Relocation contract

I have recently taken a position where the last manager was promoted. I signed a 12 month relocation contract where I am responsible for part of my relocation if I resign prior to a year of service. I am in an environment where I manage union employees and I am employed by a seperate contract company.

My employees are all female. The last manager was a very laid back, attractive young man. I am a female. The employees have told me that they feel the last manager will come back if I quit. There have been numerous false accusations against me. There was an unsigned letter sent to my boss that was easily proven as being lies. I have had a bad experience when addressing my boss about the issues. He told me that the last manager had the nick name of "sex God" and that the last manager would "flirt with the young ladies, and the older ones would mother him." My boss is sending me to a training seminar for people skills to appease the union. This will not work. I get harassing phone calls from my employees at home trying to pressure me to quit. The Union has told me they don't like my company and feel that my job should be held by a union employee.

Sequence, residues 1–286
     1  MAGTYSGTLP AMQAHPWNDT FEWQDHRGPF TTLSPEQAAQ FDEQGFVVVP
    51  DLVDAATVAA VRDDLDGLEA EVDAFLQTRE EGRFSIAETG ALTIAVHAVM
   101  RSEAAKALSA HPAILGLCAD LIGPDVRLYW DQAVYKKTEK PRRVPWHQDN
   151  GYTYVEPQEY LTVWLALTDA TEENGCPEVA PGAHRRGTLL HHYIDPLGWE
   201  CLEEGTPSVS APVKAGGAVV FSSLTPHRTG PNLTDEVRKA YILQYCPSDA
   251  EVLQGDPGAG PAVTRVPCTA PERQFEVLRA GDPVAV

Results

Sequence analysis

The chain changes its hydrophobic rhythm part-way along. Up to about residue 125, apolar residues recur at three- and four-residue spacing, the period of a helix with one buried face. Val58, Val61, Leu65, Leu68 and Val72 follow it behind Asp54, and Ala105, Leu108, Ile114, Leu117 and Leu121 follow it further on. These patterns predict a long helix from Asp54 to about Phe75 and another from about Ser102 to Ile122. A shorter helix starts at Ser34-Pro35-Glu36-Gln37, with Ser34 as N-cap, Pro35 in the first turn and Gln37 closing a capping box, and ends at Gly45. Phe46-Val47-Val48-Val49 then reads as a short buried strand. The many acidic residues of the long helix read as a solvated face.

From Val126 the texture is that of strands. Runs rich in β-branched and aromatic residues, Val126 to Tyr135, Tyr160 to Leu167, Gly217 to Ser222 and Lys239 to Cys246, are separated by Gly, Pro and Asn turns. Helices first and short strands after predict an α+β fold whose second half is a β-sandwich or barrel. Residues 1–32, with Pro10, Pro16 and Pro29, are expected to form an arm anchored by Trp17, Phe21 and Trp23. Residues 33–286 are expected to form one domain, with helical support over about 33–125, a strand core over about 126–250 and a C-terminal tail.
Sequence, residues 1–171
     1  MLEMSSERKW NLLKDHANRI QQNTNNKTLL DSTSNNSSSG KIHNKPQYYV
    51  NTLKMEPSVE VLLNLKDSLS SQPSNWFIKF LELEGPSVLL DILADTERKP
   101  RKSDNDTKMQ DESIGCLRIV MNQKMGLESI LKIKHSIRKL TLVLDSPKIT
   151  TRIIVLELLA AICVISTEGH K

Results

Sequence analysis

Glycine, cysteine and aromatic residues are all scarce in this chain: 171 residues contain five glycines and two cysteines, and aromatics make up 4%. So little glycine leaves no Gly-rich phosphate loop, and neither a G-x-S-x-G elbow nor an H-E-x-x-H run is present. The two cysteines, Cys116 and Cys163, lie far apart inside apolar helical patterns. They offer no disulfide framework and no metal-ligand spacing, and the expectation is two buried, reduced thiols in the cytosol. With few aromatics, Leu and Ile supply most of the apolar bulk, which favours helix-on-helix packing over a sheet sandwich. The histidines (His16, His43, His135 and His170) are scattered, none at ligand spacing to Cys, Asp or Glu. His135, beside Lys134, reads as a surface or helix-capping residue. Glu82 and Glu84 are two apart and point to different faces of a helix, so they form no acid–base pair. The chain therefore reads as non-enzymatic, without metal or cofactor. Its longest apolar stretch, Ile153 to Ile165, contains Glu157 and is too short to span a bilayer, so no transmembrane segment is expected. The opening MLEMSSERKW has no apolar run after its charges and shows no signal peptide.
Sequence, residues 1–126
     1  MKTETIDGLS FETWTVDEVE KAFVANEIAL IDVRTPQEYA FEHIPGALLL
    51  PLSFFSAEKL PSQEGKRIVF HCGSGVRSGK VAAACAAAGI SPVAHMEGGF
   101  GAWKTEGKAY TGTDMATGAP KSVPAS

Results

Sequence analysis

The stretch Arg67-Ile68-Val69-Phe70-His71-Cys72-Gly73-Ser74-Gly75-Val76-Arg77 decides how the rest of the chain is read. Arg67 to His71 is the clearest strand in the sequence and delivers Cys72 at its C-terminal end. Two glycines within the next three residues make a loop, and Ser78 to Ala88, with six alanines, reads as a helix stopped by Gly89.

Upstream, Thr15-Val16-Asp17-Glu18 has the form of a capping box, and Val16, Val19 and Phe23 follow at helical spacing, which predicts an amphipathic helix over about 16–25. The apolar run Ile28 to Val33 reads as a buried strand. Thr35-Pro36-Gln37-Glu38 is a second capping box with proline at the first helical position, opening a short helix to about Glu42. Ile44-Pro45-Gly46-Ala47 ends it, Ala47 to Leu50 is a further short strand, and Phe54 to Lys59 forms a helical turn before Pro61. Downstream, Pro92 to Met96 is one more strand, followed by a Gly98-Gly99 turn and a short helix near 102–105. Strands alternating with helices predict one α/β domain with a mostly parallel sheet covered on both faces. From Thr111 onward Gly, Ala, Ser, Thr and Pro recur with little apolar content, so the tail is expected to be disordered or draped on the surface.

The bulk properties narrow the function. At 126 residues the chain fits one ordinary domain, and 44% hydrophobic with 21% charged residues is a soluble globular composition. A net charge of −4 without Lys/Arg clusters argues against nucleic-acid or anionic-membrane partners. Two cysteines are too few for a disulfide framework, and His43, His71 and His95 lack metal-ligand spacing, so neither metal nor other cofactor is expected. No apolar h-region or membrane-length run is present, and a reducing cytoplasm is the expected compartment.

I have six months left on my relocation contract. Does the hostile work environment give me a solid ground to quit and not repay the relocation contract? I am literally losing sleep and suffering depression from this position. Can job stress be cited as a reason form leaving employment? I want nothing from my employer but to be able to leave. The contract company I work for does not support me and I barely see them.

1 answer  |  asked Feb 8, 2005 7:52 PM [EST]  |  applies to Ohio

Answers (1)

Neil Klingshirn
You may have a case of gender discrimination

If you can prove that you are being harassed and set up to get fired because you are female, then you can claim a sexually hostile environment. The law recognizes variants on the classic sexual harassment hostile environment where the harassment is "because of sex." Here, it appears that you would not face the same harassment if you were a male.

Proving gender discrimination will not necessarily get you out of your relocation obligation. However, a victim of a hostile environment has a right, and some would say a duty, to report the sex-based hostility to management, who then has an obligation to make it stop. If you could get the harassment to stop, it would likely solve your problem and you could complete your year of service in peace.

If management does not stop the hostility and you end up with a claim, then you could try to bargain with the company for a clean break, meaning you would not pursue your claims for discrimination in exchange for being released from your relocation obligation.

Managing your way out of a hostile environment is tricky business. You have to make a complaint that is effective, but not so inflammatory as to draw retaliation. While retaliation is also unlawful, being a victim of it is not fun. If you would like to arrange a consultation to set a strategy, call Julie at 330.665.5445, ext. 0 and she will try to get you on my calendar.

Best regards,

Neil Klingshirn.

posted by Neil Klingshirn  |  Feb 9, 2005 09:58 AM [EST]

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